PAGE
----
A trade war with China is not the main concern; quantum computing is

As a trade war between the U.S. and China looms, Dr. Jonathan Leightner, an expert in Chinese economy, says most people are missing the bigger issue.

“Trade war is a spillover argument,” said Leightner, a professor of economics at the James M. Hull College of Business College of Business at Augusta University. “Trade war could hurt us, but what could hurt us even more is if China gets quantum communications before us.”

The trade war started with China rejecting a U.S. request that the country stop subsidizing its high-tech industry, Leightner said.

“[Chinese President] Xi Jinping wants China to be the world leader in artificial intelligence, robotics, etc,” he said. “President Trump is concerned with China subsidizing high tech and becoming a threat to us.”

China under Xi Jinping has poured a lot of resources into developing quantum communications, which is in theory impossible to hack. The country sent into space the first quantum-communications satellite ever and hosted the world’s first intercontinental hack-proof video call in 2016.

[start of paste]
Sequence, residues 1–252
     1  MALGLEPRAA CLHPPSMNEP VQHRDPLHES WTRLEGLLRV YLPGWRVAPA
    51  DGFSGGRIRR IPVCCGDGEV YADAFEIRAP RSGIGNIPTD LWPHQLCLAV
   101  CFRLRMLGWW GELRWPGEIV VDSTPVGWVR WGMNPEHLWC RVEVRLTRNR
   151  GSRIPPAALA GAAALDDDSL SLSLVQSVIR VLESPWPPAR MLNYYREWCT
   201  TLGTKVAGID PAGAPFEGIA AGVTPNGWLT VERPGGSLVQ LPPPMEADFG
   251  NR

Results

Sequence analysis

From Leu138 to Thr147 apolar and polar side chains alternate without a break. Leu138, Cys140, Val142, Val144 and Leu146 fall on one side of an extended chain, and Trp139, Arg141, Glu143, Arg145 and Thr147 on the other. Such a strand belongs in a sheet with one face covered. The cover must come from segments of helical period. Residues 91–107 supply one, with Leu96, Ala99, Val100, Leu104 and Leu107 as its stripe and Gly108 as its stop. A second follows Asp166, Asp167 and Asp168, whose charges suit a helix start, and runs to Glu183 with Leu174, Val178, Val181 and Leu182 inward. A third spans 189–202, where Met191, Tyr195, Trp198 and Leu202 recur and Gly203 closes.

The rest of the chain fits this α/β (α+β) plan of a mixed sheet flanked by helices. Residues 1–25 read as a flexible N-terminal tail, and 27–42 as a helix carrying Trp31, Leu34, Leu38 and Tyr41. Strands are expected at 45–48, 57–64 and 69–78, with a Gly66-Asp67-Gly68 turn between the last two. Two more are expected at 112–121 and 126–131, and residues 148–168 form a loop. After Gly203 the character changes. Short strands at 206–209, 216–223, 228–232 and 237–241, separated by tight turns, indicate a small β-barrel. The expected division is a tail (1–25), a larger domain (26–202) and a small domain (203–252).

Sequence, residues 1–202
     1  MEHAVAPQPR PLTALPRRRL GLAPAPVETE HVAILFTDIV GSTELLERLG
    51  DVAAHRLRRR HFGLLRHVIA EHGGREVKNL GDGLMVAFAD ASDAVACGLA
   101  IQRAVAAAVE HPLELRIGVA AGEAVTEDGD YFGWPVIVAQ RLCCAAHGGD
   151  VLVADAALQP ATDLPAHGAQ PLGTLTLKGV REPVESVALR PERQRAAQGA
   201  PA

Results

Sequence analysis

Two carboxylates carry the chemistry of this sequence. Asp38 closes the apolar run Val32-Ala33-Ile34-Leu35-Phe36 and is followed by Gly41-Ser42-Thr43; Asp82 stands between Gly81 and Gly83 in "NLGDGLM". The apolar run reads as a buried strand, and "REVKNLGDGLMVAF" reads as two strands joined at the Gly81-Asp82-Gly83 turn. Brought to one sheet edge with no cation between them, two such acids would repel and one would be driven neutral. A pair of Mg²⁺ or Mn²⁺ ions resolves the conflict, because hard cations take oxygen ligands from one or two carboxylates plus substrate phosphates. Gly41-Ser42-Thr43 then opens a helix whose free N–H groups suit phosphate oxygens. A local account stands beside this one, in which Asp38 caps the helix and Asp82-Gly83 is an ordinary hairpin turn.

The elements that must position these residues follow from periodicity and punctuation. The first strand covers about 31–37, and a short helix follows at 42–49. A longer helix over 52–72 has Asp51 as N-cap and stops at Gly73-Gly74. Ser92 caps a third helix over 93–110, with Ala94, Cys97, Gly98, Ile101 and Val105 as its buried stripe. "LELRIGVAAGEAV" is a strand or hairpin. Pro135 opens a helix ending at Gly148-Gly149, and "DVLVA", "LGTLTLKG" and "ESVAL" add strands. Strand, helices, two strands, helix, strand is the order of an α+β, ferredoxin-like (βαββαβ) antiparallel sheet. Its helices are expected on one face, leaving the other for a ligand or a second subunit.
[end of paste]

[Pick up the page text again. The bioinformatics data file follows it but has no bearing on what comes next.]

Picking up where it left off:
With this technology, Leightner says, China has the same military advantage the U.S. had with the atomic bomb at the beginning of the Cold War.

Leightner is available to discuss:

  • Why the trade war is the minor issue
  • Why the U.S. should not engage in a trade war with China
  • What the U.S. should do in response to China subsidizing its high-tech industry and developing quantum communications

Call or email Arthur Takahashi to schedule an interview with Dr. Leightner.

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Arthur Takahashi

Arthur Takahashi is Digital Media Coordinator at Augusta University. Contact him to schedule an interview on this topic or with one of our experts at 706–446–5128 or atakahashi@augusta.edu.

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Written by Arthur Takahashi

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